Updates on treating ductal carcinoma in situ: what's to know in 2021.
PURPOSE OF REVIEW: Ductal carcinoma in situ (DCIS) is a noninvasive stage of disease but understood to be a nonobligate precursor to invasive breast cancer. As such, women with DCIS are routinely recommended for standard breast cancer treatment to prevent progression to invasive disease. DCIS, however, represents a heterogeneous group of lesions that differs in its biologic behavior and risk of progression. Thus, optimal treatment is unclear. This review presents the clinical trials evaluating the de-escalation of therapy, attempts at risk stratification, and future directions in the management of this disease. RECENT FINDINGS: The de-escalation of therapy for patients with DCIS is being actively explored. Although no group of patients based on clinicopathologic features has yet been identified as suitable for omission of therapy, molecular tests appear better able to stratify patients at low risk for whom omission of radiation may be considered. Trials considering omission of surgery are ongoing, and the use of Herceptin and vaccine therapy are also being explored. SUMMARY: The current review provides a centralized summary enabling the clinician to better understand the complexity of DCIS and the controversies over the optimal management of this disease. It highlights the need for better risk stratification to individualize patient care. VIDEO ABSTRACT: http://links.lww.com/COOG/A77.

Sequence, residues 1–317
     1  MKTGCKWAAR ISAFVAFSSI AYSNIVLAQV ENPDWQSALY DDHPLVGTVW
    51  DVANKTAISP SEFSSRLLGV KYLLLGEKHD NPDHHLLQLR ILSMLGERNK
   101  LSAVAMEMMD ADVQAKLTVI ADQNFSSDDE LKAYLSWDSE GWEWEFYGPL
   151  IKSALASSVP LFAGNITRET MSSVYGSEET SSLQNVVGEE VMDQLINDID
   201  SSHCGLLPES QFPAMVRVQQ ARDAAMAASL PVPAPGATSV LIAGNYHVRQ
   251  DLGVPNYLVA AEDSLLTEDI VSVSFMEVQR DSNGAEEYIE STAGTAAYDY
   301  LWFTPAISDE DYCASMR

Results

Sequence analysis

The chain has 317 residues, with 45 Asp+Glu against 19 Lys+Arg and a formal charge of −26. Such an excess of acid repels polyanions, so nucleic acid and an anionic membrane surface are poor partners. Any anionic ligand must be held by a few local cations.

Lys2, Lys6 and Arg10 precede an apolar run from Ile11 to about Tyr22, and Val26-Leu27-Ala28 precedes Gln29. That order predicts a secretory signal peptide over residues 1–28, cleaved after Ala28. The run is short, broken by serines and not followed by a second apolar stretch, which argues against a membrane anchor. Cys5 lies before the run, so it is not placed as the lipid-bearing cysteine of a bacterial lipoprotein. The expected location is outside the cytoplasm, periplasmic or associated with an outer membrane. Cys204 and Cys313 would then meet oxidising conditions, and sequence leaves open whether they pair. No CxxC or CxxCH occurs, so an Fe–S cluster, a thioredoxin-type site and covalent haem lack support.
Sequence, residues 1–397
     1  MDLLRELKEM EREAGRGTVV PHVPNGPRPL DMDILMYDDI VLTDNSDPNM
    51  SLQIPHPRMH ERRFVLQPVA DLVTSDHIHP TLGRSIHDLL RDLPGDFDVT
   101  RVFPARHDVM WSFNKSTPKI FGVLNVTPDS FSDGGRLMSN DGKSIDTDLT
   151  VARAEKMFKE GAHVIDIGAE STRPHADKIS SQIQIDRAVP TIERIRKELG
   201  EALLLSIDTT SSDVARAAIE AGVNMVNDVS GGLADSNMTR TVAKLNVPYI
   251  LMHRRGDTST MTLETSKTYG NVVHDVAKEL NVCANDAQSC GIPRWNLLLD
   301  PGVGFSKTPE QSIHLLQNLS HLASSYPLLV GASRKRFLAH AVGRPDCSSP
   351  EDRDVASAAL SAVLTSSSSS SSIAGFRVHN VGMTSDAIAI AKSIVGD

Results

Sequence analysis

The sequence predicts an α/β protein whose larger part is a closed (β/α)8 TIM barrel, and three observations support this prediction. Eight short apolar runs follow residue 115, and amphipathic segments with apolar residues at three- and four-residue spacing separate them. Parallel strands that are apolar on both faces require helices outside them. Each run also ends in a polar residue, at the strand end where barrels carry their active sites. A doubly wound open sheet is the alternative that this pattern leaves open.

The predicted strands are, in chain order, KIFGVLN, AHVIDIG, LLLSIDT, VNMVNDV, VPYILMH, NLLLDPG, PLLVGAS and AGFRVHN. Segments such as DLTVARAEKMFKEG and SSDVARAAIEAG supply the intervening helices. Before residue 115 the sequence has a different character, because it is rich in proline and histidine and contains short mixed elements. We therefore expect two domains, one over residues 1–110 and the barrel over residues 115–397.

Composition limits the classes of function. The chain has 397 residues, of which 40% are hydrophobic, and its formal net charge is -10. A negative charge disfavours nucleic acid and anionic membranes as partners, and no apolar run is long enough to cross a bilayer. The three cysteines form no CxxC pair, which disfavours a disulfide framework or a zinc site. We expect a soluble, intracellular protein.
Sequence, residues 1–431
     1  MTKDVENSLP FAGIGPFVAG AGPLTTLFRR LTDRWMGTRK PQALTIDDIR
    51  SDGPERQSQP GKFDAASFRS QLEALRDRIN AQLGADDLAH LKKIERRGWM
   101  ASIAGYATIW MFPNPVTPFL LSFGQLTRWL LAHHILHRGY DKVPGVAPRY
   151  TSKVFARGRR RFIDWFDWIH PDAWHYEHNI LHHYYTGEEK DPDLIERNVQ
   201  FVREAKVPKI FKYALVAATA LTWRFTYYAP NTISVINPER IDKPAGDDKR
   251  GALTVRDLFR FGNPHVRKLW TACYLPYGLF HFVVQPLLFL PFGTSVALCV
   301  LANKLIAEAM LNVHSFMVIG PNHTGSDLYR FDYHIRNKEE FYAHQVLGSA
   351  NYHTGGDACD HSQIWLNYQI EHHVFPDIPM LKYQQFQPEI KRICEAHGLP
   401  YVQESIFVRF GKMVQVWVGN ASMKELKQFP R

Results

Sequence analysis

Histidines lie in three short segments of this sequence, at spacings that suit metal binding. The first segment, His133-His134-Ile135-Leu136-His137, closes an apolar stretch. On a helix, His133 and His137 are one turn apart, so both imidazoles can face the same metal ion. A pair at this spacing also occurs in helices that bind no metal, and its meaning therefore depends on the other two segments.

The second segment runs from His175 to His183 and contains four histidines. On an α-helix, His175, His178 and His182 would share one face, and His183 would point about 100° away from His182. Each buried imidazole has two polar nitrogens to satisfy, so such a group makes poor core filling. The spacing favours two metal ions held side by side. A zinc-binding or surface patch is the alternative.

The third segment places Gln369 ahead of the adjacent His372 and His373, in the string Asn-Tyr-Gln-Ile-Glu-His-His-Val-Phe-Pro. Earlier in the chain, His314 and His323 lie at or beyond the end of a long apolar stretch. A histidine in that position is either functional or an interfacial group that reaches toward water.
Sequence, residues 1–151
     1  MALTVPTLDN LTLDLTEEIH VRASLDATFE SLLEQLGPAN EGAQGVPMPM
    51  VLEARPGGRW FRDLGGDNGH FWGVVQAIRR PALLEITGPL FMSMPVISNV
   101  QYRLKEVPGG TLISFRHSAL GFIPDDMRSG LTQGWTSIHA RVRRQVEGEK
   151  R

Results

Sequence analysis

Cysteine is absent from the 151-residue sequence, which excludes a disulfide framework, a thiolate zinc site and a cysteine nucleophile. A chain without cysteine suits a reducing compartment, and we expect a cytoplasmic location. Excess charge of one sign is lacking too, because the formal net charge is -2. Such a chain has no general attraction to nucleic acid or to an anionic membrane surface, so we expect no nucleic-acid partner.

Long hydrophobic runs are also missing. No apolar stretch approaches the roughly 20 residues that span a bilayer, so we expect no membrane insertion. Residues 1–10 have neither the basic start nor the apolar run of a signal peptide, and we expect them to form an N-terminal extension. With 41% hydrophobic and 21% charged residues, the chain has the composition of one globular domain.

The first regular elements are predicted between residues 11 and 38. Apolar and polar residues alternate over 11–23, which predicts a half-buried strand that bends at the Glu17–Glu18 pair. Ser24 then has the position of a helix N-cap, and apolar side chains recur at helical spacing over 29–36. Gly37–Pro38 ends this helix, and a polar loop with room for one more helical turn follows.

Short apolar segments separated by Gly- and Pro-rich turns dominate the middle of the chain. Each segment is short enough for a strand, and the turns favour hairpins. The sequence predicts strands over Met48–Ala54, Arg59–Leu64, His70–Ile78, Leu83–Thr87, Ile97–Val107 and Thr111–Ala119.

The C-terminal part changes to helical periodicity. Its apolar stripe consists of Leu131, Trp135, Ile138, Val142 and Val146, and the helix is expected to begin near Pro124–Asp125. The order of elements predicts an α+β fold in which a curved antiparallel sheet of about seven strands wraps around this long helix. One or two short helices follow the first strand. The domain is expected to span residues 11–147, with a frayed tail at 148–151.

Haji, Farnaz, Jennifer L. Baker, and Maggie L. DiNome. “Updates on treating ductal carcinoma in situ: what's to know in 2021.” Curr Opin Obstet Gynecol 34, no. 1 (February 1, 2022): 46–51. https://doi.org/10.1097/GCO.0000000000000753.